- “Improved outcomes” as operationally defined by the study — I guess operational definitions are a subject for another post.
- though this is notoriously hard to do in the field of psychology as a whole due to difficulties both with ethics (we’re not generally allowed to dissect people after applying a drug intervention to see what happened to their brains, nor can we keep them isolated in stimulus-free environments, etc.) and the complexity of human subjects (even if we could keep humans isolated in stimulus-free environments, that alone could become a confound, etc).
- In short, this is a skill that’s usually taught at the university level, and then primarily to students in disciplines with strong research components. In the US, that amounts to a fairly small subset of the general populace.
- I think it’s okay to mention the outliers as well — those atypical results that look so great, or so awful — but we must do so with the knowledge that, on the whole, most of us expect our individual case to be an exception, and moreover, to be a good exception: one with results better rather than worse, than is typical. In short, we need to present outliers with several grains of salt, and we need to balance the better-than-typical outcomes by also presenting the worse-than-typical ones.
I think I’ve mentioned this semester’s research project here once or twice. Well, it’s been approved by our Institutional Review Board, and it’s data collection time! If you’d like to participate, read on.
I’m conducting research into attitudes about body size and health at Indiana University Southeast and I’d like to invite those of you who are at least 18 years of age to participate.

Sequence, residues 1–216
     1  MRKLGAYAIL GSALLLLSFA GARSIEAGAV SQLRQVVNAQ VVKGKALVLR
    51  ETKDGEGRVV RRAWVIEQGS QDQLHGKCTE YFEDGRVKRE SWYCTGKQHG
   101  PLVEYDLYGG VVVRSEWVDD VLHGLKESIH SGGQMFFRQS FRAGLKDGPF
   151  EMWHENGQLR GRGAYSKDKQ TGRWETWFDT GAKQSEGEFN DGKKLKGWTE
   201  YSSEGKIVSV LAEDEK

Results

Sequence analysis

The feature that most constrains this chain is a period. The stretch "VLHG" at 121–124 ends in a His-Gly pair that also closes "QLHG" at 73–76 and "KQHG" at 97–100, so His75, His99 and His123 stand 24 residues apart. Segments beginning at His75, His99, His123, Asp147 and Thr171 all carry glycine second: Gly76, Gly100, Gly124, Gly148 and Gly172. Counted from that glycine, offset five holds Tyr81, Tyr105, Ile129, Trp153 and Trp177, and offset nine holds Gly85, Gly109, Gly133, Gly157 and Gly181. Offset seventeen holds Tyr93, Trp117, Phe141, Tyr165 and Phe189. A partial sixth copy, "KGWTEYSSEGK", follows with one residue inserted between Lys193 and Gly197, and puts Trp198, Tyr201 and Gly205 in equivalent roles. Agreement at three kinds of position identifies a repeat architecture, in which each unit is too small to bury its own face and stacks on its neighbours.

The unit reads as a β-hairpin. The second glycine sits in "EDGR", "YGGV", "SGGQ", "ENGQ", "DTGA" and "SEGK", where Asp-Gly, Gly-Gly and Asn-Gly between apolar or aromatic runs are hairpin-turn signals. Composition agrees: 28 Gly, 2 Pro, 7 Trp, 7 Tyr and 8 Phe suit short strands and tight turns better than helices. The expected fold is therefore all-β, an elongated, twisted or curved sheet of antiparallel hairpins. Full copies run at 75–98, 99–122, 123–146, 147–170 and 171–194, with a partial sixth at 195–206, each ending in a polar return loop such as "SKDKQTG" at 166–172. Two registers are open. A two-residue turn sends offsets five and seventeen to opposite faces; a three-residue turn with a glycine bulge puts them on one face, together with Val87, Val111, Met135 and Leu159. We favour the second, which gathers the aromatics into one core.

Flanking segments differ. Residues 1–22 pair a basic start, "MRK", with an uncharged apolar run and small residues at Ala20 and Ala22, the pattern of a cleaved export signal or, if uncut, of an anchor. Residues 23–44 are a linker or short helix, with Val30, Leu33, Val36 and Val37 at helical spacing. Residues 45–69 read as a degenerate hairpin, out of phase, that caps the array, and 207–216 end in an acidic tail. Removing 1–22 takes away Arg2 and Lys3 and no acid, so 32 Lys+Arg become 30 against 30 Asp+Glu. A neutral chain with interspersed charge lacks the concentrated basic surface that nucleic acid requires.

My study has been approved by IUS’ Institutional Review Board and assigned protocol number 14.55. Below the cut, you’ll find a full description and a link to the survey, which should take around 10 minutes to complete and which is housed on the Qualtrics website.
Please feel free to forward this link to anyone who might find it interesting. Together, I hope we can learn a little more about how people feel about the relationship between body size and health.
My Senior Seminar professor has approved my new project idea (yay!), so it looks like I’ll be doing A Whole New Thing this semester.
Part of that thing will involve research involving an online survey — and, provided that our Institutional Review Board says it’s okay — you can participate!
As such, I won’t be talking about my research here very much until later in the semester, after I’ve collected my data, but I will definitely keep the whole universe apprised. If you think you might like to be a research participant, keep an eye out, and I’ll post a link here at some point.
I’m really excited about this semester’s project. Like my previous project, it’s something I should be able to build upon later in my career, should I be so inclined. And without putting to fine a point on it, I think it’s definitely something that’s relevant to my goals as a future dance-movement therapist.
In other news, I’m actually ahead of the curve on my precalc homework (woohoo!) and, having taken the precalc pre-test, I feel fairly comfortable with the material we’ll be covering. I’ve encountered quite a bit of it before in other contexts — particularly in chemistry or in the catch-all Finite Math class I took a few semesters back. I haven’t worked with conic sections (though I’ve encountered them just recently in one of F. Scott Fitzgerald’s early works), but I think I should be okay.
Next week I’ve got an advising appointment to make sure that I’m squared away on all my graduation requirements, and right now I’m on my little labor day mini-vacation (some of which will be devoted to doing homework, of course).
Ballet class tonight; brought my ballet stuff with me so I don’t have to try to dash home between school and ballet. That didn’t work out too well on Monday, so today I’m just going to wander around in the world, dine out, and generally not go home until after ballet class. I have my laptop and all my homework stuff, so I might even do something productive.
Then again, I might just play video games and goof off, because I have enough of my schoolwork behind me to allow for a bit of that.